People often expect insects to be most active in the warm days of summer, but pine bark beetles can be active any time of year.
Kelly Oten, forest health monitoring coordinator with the N.C. Forest Service, tells landowners with pine on their property what they should look for so pine bark beetles don’t leave them pining for healthy trees.
“One of the first symptoms noticed is needle discoloration in the canopy,” Oten said. “The green needles fade to light green, then yellow, then eventually red. Upon closer inspection, you may see dried pine resin on the bark of the tree. These are called pitch tubes and are the tree’s defense to a bark beetle attempting to bore through the bark.”
Adult and immature beetles feed beneath the bark, creating winding tunnels that can be seen if the bark is peeled off, Oten said. These galleries prevent nutrients and water from traveling within the tree, effectively choking it.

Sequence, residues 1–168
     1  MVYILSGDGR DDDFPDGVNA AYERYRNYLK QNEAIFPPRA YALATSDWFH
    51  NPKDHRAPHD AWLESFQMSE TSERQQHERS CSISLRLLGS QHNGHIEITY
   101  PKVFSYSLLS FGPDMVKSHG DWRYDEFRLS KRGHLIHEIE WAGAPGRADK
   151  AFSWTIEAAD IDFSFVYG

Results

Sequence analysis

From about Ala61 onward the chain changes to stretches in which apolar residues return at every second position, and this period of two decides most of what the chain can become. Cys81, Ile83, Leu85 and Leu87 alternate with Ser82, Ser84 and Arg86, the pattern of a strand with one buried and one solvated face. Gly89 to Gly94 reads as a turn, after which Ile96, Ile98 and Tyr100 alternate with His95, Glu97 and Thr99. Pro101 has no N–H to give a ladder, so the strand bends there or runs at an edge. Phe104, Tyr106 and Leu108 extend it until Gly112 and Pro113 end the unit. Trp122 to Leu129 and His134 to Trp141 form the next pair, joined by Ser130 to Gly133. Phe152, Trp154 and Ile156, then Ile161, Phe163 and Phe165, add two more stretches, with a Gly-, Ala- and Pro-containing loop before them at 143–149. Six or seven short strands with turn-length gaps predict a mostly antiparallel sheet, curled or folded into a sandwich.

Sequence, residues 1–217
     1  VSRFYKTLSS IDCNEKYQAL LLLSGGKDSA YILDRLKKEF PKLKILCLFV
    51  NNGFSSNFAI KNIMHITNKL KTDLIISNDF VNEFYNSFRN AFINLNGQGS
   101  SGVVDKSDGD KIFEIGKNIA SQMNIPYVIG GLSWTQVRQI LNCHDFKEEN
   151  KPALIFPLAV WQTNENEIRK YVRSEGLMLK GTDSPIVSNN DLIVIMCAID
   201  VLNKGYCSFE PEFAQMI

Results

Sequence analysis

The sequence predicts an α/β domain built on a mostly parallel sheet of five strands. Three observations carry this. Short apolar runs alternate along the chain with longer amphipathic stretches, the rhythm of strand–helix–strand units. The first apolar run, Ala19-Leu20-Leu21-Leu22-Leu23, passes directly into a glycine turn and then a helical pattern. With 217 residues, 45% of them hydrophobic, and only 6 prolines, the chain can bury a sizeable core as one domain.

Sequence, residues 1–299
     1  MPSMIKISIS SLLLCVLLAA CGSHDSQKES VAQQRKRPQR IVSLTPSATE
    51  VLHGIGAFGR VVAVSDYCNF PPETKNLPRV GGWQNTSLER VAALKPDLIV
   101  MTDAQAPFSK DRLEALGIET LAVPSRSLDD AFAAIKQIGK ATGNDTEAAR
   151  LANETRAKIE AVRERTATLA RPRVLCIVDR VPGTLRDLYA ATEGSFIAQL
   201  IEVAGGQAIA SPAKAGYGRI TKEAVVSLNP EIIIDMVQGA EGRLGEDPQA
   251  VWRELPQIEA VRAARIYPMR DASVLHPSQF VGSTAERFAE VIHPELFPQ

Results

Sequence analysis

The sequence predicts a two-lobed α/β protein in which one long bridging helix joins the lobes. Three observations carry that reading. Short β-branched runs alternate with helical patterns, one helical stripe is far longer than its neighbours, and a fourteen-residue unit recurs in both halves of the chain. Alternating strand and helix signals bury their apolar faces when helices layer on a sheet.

Most bark-beetle activity occurs in pines that are stressed or weakened by another factor. The current drought in Western North Carolina leaves many pines susceptible to beetle attack. Other factors that may increase susceptibility to attack are nutrient deficiencies, mechanical damage and lightning strikes.
There are a few types of bark beetles that attack pine trees in North Carolina. The Ips engraver beetles are likely the most common. They rarely attack healthy trees and generally infest small groups or scattered pines. They can cause branches or the entire tree to die.
Generally, the southern pine beetle also attacks weakened trees. However, it can reach outbreak levels and become extremely destructive, Oten said. When this happens, healthy trees are also attacked and a quick response is necessary. This response typically involves cutting down the infested pine trees and surrounding trees to create a buffer.
Landowners suspecting bark-beetle activity in their trees should contact their N.C. Forest Service county ranger, who can assist with identification and offer forest management advice.